For example, Section IX does not impose enough controls to ensure reliable weld joints because it does not address the proper choice of filler materials. Section IX would allow welding nickel alloys or copper alloys together using carbon steel filler, provided the qualification specimen passed the appropriate mechanical tests. Many variables are not required to be addressed in a Section IX WPS. But in many of these cases, a WPS that does not address those variables may not produce consistently reliable weld joints or provide adequate guidance to the welder, both of which should be the primary purpose of the WPS.

The following are examples of factors Section IX does not require, but that should be considered for inclusion in a WPS:

1. There are supplementary essential variables not required to be addressed for a WPS to be used on materials that are not impact-tested. One such essential variable is heat input, which is calculated based on current, voltage and travel speed. If heat input does not need to be addressed, Section IX does not require including voltage or travel speed values. Some of the software packages for creating WPS documents will even omit this information automatically. On the other hand, if no voltage or travel speed values are specified, it is possible to follow the WPS and still produce unacceptable welds. Therefore, even though not required by Section IX, it is beneficial to include reasonable voltage and travel speed values on the WPS—even for materials that are not impact-tested.

2. For a WPS that involves carbon and alloy steels postweld heat-treated (PWHT) below the lower transformation temperature (LTT), Section IX only requires the WPS to indicate the PWHT must be below the LTT.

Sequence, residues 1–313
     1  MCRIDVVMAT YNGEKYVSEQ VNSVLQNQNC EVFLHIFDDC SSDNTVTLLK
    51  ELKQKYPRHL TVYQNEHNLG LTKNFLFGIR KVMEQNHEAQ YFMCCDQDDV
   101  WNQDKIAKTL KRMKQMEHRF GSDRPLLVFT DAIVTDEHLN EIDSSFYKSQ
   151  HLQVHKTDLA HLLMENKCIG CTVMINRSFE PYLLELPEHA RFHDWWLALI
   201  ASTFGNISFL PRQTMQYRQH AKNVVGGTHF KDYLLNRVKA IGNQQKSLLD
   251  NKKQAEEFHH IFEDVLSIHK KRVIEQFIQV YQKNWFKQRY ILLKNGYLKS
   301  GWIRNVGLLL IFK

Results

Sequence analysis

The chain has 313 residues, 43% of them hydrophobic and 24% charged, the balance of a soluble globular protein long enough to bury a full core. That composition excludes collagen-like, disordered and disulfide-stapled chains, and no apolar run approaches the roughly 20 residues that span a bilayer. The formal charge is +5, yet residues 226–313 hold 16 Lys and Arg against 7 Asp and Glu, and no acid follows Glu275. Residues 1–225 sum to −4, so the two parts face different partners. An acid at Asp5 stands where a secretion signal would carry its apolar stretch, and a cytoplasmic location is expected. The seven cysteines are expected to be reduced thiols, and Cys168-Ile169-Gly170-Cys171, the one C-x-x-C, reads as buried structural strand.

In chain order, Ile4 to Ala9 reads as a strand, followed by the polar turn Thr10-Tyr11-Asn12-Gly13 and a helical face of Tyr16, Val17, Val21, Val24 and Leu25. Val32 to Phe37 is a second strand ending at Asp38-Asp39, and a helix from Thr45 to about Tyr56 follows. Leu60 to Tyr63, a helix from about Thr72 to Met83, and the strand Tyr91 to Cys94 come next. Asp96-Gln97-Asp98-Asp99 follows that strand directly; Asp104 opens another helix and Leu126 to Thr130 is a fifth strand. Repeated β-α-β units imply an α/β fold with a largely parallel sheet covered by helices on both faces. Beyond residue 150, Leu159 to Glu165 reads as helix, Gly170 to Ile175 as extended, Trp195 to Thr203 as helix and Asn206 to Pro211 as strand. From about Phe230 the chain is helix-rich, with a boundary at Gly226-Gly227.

Most WPSs for non-impact-tested carbon steels and alloy steels will actually state a PWHT temperature, but many omit the tolerance on this temperature and any soak time requirements.

To ensure that proper strength, ductility and hardness requirements are met, a PWHT temperature range should be stated on the WPS. That temperature range should be based upon the PWHT temperature used on the qualification coupon, taking into consideration the effects of higher and lower temperature on the strength, ductility, hardness and toughness of the material. In addition, as a function of base metal thickness, guidance should be provided regarding the soak time, as well as providing absolute minimum and maximum allowable soak times. Again, strength, ductility, hardness and toughness of the material should be taken into account.

3. Section IX does not prohibit combining procedures that have been qualified in different ways, such as procedures qualified with and without PWHT, or procedures qualified with and without controls required for impact-tested materials. In fact, creating one WPS that covers non-impact-tested material (such as WCC) and impact-tested material (such as LCC), with and without PWHT is both possible and allowed. These procedures are handy when it is necessary to get a customer review. However, the combined procedures tend to be difficult for welders to follow because they usually contain a number of notes and tables, and for any given job it can be hard to determine what information actually applies.

Although the combined approach is allowed, and although the combined document might be convenient from a creation and maintenance standpoint, it is actually better to create four separate WPS documents (non-impact without PWHT, non-impact with PWHT, impact without PWHT and impact with PWHT), because each WPS will then convey much more clearly the specific requirements for the pertinent situation.

In summary, although Section IX imposes an abundance of rules for qualifying and writing WPSs, there are many instances where additional controls and information need to be conveyed to ensure results that meet the intended requirements of the weld. Therefore, if your customer makes a comment on your welding procedure, view it as a possible learning experience. In the end, your WPSs will be better for it.

Reference:

ASME Boiler and Pressure Vessel Code, Section IX, “Qualification Standard for Welding and Brazing Procedures, Welders, Brazers, and Welding and Brazing Operators,” American Society of Mechanical Engineers, New York, NY, USA.


Don Bush is a principal materials engineer at Emerson Process Management-Fisher Valve Division (www.emersonprocess.com). Reach him at This email address is being protected from spambots. You need JavaScript enabled to view it..